His Dark Materials series by Philip Pullman
[includes The Golden Compass, The Subtle Knife, and The Amber Spyglass]
After I read the first book, I bought and devoured the other two in a few days. Pullman is a wonderful writer, bringing his characters and their difficult decisions to life. What will happen? How will they cope? What are they getting out of all this intrigue? What am I getting out of all this intrigue? Lots of people have told me that this series is very anti-God and looked at me a little doubtfully. Would I be offended? I imagine them thinking. Would I be disgusted? Convinced of an a-theistic argument? Um, no.
I fully agree that Pullman has a strong a-theistic bias. Actually, it's more of a Gnostic bias with intense distrust of the Church. Basically, there's this stuff called Dust that the Church thinks is the physical evidence of Original Sin. This one guy thinks, therefore, that it is evil and must be destroyed along with its maker, God. God is not actually God, though, but an angel who thinks he's God (thus, the Gnosticism). Have I lost you yet? Good, 'cause here's the last point: add to this a vast, miscommunicating, and corrupt Church structure of frightened men called the Magisterium. Magisterium, by the way, is what our Church calls the hierarchy, tradition, and pageantry of what we do. And two "children" (actually a 12 and a 13 year old) save the world by turning Original Sin on its head.
What to make of all this? Given the current controversy over Mother Theresa and recent "controversy" over The DaVinci Code, I wonder if we have any idea what we're talking about at all? It seems like everyone thinks the world will fall apart if there's any doubt or criticism, yet we long for controversy. We can't see God or proof of her existence, so we claim that God isn't really God and what we call God is an evil replacement. We can't comprehend how someone could hold such powerful doubt and misery in her heart and yet also devote her life to lepers and orphans--so we make her a saint or we make her a sinner but not both! No, doubt has no quarter in the heart of a saint, nor compassion in a sinner. His Dark Materials can't see the good present in creation alongside the evil and accuses God rather than the Church of corruption. In a book so focused on the goodness of the physical, why call the compass, the knife, and the spyglass "dark"?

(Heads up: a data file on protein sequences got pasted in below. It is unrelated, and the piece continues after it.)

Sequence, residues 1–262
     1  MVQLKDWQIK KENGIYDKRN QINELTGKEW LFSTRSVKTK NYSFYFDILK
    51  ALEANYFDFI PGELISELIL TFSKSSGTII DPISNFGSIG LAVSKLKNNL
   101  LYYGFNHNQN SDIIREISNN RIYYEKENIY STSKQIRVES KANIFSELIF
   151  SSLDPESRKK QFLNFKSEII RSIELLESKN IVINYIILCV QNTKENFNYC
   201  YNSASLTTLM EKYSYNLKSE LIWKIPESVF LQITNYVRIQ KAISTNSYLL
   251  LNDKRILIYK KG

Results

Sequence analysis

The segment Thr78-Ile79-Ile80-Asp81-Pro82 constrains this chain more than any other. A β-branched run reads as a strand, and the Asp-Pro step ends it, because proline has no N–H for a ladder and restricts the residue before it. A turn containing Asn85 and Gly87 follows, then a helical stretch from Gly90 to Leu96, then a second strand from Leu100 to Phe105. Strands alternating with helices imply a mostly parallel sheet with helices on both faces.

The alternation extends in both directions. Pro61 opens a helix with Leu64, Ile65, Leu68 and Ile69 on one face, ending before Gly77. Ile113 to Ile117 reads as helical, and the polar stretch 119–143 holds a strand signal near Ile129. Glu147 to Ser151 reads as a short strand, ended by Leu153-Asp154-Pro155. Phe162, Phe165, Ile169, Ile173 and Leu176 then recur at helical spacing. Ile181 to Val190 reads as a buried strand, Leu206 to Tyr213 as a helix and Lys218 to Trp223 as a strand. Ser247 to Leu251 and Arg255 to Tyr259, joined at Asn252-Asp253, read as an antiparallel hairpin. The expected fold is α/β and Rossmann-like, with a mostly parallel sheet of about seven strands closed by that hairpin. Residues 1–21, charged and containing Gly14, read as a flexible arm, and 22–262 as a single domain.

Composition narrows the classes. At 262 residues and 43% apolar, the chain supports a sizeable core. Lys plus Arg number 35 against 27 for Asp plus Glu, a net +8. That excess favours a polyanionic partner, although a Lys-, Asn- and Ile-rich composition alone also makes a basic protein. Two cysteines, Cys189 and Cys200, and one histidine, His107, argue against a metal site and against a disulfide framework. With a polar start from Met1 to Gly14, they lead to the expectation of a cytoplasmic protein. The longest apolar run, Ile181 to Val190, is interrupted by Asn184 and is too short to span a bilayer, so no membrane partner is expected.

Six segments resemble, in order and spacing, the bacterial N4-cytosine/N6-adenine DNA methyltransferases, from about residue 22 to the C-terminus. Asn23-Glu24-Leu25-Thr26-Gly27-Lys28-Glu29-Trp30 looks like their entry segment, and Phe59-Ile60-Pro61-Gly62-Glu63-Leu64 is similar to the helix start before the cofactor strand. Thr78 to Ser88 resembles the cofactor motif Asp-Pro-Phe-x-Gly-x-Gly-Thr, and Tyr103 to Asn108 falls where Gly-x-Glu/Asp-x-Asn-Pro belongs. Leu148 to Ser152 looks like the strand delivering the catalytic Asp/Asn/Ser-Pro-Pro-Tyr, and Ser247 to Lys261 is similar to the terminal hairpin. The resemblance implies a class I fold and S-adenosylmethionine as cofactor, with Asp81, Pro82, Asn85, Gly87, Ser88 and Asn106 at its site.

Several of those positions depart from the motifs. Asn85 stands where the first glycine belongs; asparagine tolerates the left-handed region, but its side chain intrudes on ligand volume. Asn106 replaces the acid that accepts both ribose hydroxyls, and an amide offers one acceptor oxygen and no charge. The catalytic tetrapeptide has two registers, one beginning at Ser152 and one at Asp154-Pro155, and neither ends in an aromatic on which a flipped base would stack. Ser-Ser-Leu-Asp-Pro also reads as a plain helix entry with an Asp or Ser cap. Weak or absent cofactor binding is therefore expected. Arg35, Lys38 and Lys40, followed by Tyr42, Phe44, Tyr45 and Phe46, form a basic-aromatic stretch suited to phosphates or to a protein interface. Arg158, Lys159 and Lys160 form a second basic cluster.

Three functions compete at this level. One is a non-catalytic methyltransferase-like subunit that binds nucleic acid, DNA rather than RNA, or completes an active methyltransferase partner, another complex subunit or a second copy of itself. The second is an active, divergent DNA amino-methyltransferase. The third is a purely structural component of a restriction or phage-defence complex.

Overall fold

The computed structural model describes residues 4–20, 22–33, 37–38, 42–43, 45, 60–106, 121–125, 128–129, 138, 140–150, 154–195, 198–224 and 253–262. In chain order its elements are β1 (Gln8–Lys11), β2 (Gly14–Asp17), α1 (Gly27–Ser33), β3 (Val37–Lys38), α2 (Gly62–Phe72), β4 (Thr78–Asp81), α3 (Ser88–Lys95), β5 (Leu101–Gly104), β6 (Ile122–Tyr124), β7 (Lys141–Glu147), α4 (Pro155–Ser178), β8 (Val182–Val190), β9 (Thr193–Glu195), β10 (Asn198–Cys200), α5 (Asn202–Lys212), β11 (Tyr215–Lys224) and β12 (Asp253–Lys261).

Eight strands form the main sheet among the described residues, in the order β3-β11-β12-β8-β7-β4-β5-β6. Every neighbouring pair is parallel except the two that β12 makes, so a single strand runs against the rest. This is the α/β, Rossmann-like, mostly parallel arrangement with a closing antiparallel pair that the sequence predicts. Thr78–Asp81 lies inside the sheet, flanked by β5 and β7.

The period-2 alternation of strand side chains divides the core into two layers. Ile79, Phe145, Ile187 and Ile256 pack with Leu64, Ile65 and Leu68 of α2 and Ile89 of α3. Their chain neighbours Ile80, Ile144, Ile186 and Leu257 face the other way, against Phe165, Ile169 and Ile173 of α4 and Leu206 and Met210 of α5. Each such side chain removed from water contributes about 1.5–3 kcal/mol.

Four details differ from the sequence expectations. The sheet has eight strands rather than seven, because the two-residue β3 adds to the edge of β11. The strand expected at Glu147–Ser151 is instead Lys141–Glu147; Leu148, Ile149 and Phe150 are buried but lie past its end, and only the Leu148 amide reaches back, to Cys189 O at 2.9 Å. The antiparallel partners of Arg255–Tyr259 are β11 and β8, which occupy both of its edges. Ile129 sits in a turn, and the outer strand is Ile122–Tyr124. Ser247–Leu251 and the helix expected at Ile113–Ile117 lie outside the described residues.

See, it's a paradox. Our lives, our faiths, our loves, our deaths--it's all overlapping good and evil, salvation and damnation, beauty and ugliness. You can't separate them out and if you try, you'll destroy both sides. His Dark Material, whether Philip Pullman realizes it or not, is paradox.